Would You Return a Lost Wallet? (What if It Had Lots of Money in It?)

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Would You Return a Lost Wallet? (What if It Had Lots of Money in It?)

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Imagine you are walking down the street and you see a wallet. You open it and it has an ID but no money. Would you return it? What if it had $20? What if it had $200 or even $2,000. Would that prompt you to change your decision?

Is it stealing if you keep it? Are you a sucker if you return it?

What factors would influence your decision to keep the wallet or return it? Ethical considerations? The hope of a reward? Would it matter if you liked or didn’t like the face on the ID? What if you were short on money and had been craving a new item to purchase? Would you try to calculate how much you could use the money versus how much you imagine the stranger might miss it?

In “Would You Return This Lost Wallet?” Pam Belluck writes:

It’s obvious: Someone finding a lost wallet is less likely to return it if money is inside, right?

That’s what top economists, as well as regular people, usually predict, given what most of us assume about human nature. But according to a clever new study involving thousands of people in 40 countries, what most of us assume about human nature is wrong.

The three-year study, possibly the largest real-world test of whether people behave honestly when given incentives not to, found they are actually more likely to return lost wallets containing money. And the more money, the better the chances people will return it.

Experts say the study, published Thursday in the journal Science, suggests that policymakers and businesses might better prevent dishonest behaviors like lying on tax returns by using moral carrots instead of punitive sticks.

“It shows that when we make a decision whether to be dishonest or not, it’s not only ‘What can I get out of it versus what’s the punishment, what’s the effort?’” said Nina Mazar, a behavioral scientist at Boston University who was not involved in the study. “It actually matters that people have morals and they like to think of themselves as good human beings.”

For the study, researchers planted 17,303 wallets in 355 cities on every continent except Antarctica. The American segment, conducted in 2015, involved 25 cities including Albuquerque, Chicago, Memphis and New York.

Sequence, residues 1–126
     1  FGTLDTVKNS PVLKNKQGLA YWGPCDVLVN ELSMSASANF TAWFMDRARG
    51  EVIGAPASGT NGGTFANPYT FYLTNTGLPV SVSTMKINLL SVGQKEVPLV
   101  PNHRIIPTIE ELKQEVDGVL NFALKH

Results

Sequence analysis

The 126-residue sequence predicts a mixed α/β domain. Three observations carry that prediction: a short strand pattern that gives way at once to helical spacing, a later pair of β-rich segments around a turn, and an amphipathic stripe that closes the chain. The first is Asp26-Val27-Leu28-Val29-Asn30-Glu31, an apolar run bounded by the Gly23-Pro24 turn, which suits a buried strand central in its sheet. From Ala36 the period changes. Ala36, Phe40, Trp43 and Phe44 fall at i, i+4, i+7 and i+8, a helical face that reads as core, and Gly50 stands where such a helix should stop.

The article continues:

Research assistants walked into post offices, hotels, police stations, banks, museums or similar places, approached someone at the reception desk and said “Hi, I found this on the street around the corner.” They slid the wallet toward the person, saying “Somebody must have lost it. I’m in a hurry and have to go. Can you please take care of it?”

In all but two countries, more people emailed to return wallets containing money than cashless wallets. Only Peru and Mexico bucked that pattern, but those results were too slight to be statistically significant, the researchers said. On average, 40 percent of people given cashless wallets reported them, compared with 51 percent of people given wallets with money.

Researchers were surprised. But then they ran the experiment again in three countries (Poland, the United Kingdom and the United States), adding “big money” wallets containing $94.15. The difference was even starker. Way more people emailed to return the wallets with the larger amount: 72 percent compared with 61 percent of people given wallets containing $13.45 and 46 percent of people given cashless wallets.

Why?

“The evidence suggests that people tend to care about the welfare of others and they have an aversion to seeing themselves as a thief,” said Alain Cohn, a study author and assistant professor of information at the University of Michigan. People given wallets with more money have more to gain from dishonesty, but that also increases “the psychological cost of the dishonest act.”

Christian Zünd, a doctoral student and co-author, said a survey they conducted found that “without money, not reporting a wallet doesn’t feel like stealing. With money, however, it suddenly feels like stealing and it feels even more like stealing when the money in the wallet increases.”

Students, read the entire article, then tell us:

  • Would you return a lost wallet you found? Why or why not? What factors would influence your decision? Is keeping a lost wallet stealing?

  • Have you ever found a wallet? Did you return it? Were you tempted to keep it? Why or why not? What factors influenced your decision: the amount of money, the photo of the person on the ID, consideration of the other person? Do you think you made the right decision? After having read the article, would you change your decision?

  • Conversely, have you ever lost a wallet (or something valuable) on the street? If yes, was it returned? How did you feel, whether it was returned or not? How did the experience make you feel about your fellow humans?

  • Are you surprised by the findings of the study? What light does the report shed on human nature? On the whole, do you think people are good, kind, honest and caring? Or do you think most people are greedy, dishonest, selfish, unethical and self-interested?

  • Ms. Belluck writes:

Experts say the study, published Thursday in the journal Science, suggests that policymakers and businesses might better prevent dishonest behaviors like lying on tax returns by using moral carrots instead of punitive sticks.

Do you agree? What other conclusions might be drawn from the study?